5. Intro So some help from Zombizza and Oakley and I was quite excited to get here, so thanks for helping me with that! This place is pretty sweet and we found some nice bits of rat in test tubes and animal testing ephemera. rats lungs and stuff... History The building was part of St Thomas' Hospital which was established in 1173. According to historical records St Thomas's Hospital Medical School was founded in about 1550. It was admitted as a school of the University of London in 1900 but remained a constituent part of St Thomas' Hospital until 1948 when it formally became part of the university. In 1982 it merged with the medical school at Guy's Hospital to form the United Medical and Dental Schools of Guy's and St Thomas' Hospitals. In turn UMDS was absorbed by King's College London School of Medicine and Dentistry, but the dentists have since been split out into The Dental Institute. Unlike the hospital which in recent times dropped the possessive "s", the medical school continued with the original spelling. The building is described as: And is grade II listed (http://www.britishlistedbuildings.co.uk/en-204399-block-9-of-st-thomas-s-hospital-medical-). What is block 9? Block 9 was a major part of the medical school campus, it housed the student biology laboratories, animal testing laboratories, lecture theaters, cell pathology and much more. The building has a lot of rooms, labs, cage rooms, hall, corridors etc. It became empty and derelict when the medical schools of London merged and later this building was not needed. My visit I heard it was doable from Oakley and then Zombizza put up the lead practically the same time. The night before I was out and ready to meet Gabe, The raw and a few others for some high stuff in the city. Had some time to kill before I met them and seeing as we had organised to visit the place properly the day after, I went to check access and security. All was fine and we were in the next day with UrbanAlex, Boomstick84, Gabe and The_Raw. Had a laugh and saw some nice labs and specimens. We got through the site finding needles, bio hazardous waste, poison boxes, glass tubes with bits of rat in them, some mad sciencey glassware (Including the space bong) and some nice decay as well. I hope you enjoy my dodgy report and pics, I'm sure The_Raw will show me up a bit with his shots! Cheers! Pictures External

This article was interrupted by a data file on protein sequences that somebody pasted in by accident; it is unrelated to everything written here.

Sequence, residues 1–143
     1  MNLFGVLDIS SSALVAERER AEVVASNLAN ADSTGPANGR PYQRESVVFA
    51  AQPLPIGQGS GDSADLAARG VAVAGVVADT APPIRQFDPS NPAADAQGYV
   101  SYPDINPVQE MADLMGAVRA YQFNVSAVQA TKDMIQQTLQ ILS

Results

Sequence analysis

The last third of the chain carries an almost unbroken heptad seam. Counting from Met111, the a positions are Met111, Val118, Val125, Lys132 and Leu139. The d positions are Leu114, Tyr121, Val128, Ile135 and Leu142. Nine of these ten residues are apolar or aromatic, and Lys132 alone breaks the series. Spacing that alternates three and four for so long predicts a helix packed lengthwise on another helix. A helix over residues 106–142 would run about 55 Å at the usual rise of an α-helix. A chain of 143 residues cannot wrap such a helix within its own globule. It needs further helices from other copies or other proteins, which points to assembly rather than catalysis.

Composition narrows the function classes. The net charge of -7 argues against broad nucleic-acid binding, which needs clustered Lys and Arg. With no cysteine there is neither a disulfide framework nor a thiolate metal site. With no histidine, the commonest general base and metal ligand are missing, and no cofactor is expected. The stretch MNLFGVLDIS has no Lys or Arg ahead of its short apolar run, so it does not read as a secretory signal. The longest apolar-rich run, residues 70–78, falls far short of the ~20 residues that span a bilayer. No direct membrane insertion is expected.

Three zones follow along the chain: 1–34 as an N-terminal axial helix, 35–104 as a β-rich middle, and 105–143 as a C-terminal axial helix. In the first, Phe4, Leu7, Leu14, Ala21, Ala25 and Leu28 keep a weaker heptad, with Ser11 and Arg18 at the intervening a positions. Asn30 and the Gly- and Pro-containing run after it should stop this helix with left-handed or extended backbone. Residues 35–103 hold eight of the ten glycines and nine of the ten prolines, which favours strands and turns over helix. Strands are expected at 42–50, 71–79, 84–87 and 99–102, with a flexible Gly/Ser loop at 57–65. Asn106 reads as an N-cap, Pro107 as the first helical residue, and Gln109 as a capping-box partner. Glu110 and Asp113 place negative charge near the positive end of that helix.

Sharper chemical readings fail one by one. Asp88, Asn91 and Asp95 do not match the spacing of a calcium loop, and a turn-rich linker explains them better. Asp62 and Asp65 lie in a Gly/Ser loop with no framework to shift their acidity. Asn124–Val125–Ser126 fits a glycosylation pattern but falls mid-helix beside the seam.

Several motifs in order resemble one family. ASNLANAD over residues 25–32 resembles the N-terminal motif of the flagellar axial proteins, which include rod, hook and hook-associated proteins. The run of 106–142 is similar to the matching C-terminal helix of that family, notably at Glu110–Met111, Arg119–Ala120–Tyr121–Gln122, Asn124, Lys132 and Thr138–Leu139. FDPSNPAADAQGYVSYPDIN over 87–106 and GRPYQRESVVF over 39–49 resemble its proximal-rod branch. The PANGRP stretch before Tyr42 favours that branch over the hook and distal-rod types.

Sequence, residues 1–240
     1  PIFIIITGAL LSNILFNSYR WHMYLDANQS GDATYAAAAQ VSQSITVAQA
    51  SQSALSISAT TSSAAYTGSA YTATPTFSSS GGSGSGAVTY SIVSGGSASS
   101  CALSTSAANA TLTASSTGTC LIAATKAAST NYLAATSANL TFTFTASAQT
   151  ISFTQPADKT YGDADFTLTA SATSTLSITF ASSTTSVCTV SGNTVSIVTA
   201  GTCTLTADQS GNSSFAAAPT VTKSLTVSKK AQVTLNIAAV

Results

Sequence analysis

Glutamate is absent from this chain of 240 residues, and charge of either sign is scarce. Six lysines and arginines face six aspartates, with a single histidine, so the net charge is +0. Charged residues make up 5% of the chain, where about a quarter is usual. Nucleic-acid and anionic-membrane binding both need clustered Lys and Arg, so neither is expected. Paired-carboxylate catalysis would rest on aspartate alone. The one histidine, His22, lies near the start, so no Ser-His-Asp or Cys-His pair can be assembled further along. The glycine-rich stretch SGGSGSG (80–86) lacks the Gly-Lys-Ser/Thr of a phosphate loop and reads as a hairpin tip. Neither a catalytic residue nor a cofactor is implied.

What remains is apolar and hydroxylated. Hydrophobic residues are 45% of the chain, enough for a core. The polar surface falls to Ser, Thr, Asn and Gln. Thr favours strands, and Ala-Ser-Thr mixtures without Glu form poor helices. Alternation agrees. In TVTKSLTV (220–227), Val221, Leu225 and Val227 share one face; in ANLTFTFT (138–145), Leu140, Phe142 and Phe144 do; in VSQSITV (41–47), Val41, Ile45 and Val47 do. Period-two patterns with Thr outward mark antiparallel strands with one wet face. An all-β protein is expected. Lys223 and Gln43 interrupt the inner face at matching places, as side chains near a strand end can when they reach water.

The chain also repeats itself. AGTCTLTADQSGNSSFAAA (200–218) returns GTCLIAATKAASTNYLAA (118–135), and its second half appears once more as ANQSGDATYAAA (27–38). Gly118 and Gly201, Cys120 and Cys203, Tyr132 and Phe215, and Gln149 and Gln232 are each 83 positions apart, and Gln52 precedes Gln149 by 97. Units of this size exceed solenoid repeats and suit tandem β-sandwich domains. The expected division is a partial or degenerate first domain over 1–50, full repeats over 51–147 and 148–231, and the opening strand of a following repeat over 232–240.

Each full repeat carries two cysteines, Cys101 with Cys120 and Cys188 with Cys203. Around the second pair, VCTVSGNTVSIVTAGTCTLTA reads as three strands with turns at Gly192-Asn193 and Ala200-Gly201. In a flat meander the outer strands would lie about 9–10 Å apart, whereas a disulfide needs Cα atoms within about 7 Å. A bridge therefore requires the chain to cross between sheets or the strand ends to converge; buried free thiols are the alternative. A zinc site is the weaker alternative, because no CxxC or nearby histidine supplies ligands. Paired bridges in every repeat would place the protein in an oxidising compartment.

6. Thomas Green came to Leeds from Carlton-on-Trent near Newark and founded the company in 1835. The company was originally located at 34 Lower Head Row (now Eastgate), Leeds, and specialised in all types of wirework, including wire weaving and galvanising. The Smithfield Foundry site in North Street was purchased in 1848 and the first buildings were erected in 1850. In 1863 a London office was opened, principally to serve the overseas trade. This was followed in 1881 by the opening of the “Surrey Works†in Blackfriars, London. Improvements in trade led to the opening of the “New Surrey Works†in 1902. Thomas Green also produced a range of steam road vehicles including fairground centre-engines, road tractors and agricultural tractors. Perhaps their most well known product in this range was the steamroller, which commenced in 1872 with a vertical boilered model for the Royal Gardens, windsor. Shortly afterward, in 1880, a convertible model (i.e. traction engine or road roller) was introduced. A conventional horizontal boilered model followed this in 1881. The range was developed to encompass the whole range of weights (3ton to 12ton) and styles (tandem roller, triple roller) which enabled them to become one of the market leaders, with around 300 machines supplied. With an eye on sports grounds, Greens introduced the first of a range of petrol engined rollers in 1905. The diesel engined DRM model in the 1930s, and lighter versions, the DRL and DRX, superseded these. In the 1960s, the “Workman†was designed together with a heavier model, the “Pacemaker.†This one is at my local cricket hut and hasnt been used for a very long time (ive never seen it running) and looks like a few parts have been stolen of it over the years